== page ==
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Trina challenged the Department of Commerce’s final results in the first administrative review of the antidumping duty order, 19 U.S.C. 1673(1), covering certain crystalline silicon photovoltaic products from China. SolarWorld, a domestic producer of like products, participated as a petitioner and defendant-intervenor.The Trade Court remanded Commerce’s decision not to offset Trina’s export price by a countervailed export subsidy as “contrary to law.” Commerce issued its remand redetermination, recalculating Trina’s export price accordingly, under protest. The Trade Court sustained Commerce’s Remand Redetermination. The Federal Circuit affirmed. Commerce’s decision to not increase Trina’s export price by the amount countervailed for the Ex-Im Bank Buyer’s Credit Program is contrary to law. Ex-Im Bank provides loans at preferential rates for the purchase of exported goods from China. Where merchandise is subject to both anti-dumping and countervailing duties during the period of review, Commerce “shall,” when calculating an antidumping duty rate, increase the respondent’s “export price” or “constructed export price” by “the amount of any countervailing duty imposed . . . to offset an export subsidy.” Substantial evidence supports Commerce’s decision to value Trina’s module glass using Thai imports of tempered glass. View "Changzhou Trina Solar Energy v. United States" on Justia Law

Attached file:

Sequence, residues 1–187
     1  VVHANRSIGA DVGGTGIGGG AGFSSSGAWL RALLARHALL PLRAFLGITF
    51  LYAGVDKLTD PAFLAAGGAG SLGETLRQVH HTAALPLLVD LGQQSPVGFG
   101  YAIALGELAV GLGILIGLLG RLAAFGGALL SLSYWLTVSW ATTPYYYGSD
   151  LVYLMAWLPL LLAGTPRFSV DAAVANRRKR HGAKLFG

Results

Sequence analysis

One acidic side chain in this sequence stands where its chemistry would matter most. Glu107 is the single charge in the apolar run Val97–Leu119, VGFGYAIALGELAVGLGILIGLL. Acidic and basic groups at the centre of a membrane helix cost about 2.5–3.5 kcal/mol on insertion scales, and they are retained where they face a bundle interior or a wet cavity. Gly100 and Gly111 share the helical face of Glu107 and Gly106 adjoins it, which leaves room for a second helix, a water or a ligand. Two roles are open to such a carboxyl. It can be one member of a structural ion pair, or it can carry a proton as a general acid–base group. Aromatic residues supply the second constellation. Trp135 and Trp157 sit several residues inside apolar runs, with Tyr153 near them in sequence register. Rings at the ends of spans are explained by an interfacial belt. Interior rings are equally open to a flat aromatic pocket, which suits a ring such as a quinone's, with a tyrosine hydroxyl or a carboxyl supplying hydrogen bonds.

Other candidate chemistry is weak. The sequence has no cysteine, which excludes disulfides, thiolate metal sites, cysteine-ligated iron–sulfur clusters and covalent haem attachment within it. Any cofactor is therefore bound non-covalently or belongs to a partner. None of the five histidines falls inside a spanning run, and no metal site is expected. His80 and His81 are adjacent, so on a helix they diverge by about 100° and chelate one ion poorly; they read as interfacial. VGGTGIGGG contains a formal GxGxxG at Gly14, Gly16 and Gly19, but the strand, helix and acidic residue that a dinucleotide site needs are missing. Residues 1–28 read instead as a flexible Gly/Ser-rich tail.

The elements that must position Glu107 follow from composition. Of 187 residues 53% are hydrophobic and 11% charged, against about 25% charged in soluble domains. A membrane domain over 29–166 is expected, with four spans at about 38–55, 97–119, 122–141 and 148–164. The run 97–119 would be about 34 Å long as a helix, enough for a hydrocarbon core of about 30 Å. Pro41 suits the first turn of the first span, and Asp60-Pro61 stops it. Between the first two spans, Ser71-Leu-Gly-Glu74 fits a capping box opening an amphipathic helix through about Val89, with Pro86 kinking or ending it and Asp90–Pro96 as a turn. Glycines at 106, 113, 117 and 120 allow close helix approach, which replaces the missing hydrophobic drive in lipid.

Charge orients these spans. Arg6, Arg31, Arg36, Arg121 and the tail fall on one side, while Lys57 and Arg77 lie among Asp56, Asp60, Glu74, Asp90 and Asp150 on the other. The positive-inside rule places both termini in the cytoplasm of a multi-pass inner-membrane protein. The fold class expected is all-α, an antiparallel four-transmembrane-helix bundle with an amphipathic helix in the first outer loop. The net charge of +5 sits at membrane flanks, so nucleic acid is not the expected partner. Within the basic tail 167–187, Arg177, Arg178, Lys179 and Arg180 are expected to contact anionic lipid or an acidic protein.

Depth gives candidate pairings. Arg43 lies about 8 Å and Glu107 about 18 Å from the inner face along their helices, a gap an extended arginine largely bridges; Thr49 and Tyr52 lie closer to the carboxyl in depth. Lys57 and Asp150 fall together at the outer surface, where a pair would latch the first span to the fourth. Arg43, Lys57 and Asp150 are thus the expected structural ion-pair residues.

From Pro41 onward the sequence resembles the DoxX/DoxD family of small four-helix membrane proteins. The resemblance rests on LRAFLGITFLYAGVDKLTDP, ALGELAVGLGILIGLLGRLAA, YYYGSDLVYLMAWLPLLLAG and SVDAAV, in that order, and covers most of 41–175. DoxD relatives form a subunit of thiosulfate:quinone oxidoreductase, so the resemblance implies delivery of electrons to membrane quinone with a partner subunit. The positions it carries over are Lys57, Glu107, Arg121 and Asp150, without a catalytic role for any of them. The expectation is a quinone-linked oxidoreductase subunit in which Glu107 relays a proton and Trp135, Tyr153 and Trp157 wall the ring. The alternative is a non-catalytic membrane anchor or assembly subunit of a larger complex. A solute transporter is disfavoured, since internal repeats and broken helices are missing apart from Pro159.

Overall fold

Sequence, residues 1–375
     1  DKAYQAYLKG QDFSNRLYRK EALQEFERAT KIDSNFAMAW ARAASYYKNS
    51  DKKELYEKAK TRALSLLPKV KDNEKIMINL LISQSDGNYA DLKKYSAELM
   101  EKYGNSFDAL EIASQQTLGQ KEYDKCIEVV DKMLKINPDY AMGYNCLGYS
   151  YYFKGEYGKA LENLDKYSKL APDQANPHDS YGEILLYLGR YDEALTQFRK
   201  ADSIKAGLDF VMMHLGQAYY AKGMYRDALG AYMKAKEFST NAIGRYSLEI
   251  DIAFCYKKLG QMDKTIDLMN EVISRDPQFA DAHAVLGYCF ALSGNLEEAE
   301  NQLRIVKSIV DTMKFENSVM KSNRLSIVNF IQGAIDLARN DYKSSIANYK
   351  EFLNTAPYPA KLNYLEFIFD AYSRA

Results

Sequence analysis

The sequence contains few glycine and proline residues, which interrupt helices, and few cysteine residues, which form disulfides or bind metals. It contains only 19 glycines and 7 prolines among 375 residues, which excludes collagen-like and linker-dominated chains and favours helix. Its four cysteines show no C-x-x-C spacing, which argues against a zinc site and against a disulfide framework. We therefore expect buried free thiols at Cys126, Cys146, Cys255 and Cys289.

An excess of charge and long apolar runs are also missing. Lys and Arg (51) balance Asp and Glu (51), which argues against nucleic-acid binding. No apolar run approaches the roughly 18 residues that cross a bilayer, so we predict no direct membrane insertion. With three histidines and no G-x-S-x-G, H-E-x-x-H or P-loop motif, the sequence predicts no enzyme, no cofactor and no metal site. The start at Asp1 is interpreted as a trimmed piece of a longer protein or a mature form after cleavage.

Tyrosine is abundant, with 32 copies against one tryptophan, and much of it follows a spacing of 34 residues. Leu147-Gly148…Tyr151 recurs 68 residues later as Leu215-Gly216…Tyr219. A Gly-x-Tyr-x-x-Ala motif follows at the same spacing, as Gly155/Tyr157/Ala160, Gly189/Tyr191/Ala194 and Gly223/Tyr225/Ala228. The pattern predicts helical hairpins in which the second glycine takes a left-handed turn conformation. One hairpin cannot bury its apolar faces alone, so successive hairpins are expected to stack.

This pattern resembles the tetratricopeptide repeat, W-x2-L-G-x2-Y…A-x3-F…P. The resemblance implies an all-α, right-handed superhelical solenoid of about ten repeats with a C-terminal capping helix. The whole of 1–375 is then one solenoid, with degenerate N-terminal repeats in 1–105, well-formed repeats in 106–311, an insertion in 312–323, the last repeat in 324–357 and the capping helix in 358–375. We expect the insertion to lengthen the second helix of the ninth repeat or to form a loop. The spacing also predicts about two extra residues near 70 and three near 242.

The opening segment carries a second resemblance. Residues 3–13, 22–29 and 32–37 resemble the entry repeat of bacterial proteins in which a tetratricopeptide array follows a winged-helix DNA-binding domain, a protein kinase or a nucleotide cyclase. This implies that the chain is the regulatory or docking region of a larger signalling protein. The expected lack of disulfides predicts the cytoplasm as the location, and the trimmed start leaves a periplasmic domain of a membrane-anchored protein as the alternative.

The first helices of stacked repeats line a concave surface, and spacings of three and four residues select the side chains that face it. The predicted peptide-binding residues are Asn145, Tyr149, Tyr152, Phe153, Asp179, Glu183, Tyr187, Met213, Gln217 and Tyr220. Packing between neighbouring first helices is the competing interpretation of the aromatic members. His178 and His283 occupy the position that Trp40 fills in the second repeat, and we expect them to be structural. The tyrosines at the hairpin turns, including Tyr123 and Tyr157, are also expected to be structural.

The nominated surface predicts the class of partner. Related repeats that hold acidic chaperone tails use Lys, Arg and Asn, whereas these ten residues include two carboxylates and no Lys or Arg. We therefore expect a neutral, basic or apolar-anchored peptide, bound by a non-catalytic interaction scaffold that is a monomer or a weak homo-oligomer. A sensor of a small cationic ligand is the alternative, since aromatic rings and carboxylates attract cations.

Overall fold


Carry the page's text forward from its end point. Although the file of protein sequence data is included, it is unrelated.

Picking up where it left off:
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The Department of Commerce imposed anti-dumping and countervailing duties, 19 U.S.C. 1671, 1673, on imports of certain steel nails from India, the Republic of Korea, Malaysia, Oman, Taiwan, Turkey, and the Socialist Republic of Vietnam, covering certain steel nails. OMG, imports zinc masonry anchors from Vietnam that consist of a zinc alloy body and a zinc-plated steel pin. The anchors are designed to attach termination bars to concrete or masonry walls. The anchor is inserted into q predrilled hole and “tap[ped] lightly” with a hammer “until [the] head of [the] anchor body is set gently against the termination bar.” To complete installation, the hammer is used to drive the head of the steel pin flush with the head of the anchor body, thereby expanding the anchor body in the predrilled hole to fix the anchor in place.Commerce determined that OMG’s anchors were within the scope of the Orders. The Trade Court reasoned that OMG’s anchors are unambiguously outside the scope of the Orders because they are not nails within the plain meaning of the word. On remand, Commerce found that OMG’s zinc anchors fall outside the scope of the Orders, but issued its redetermination under protest The Federal Circuit affirmed, finding OMG’s anchors are unambiguously outside the scope of the Orders View "OMG, Inc. v. United States" on Justia Law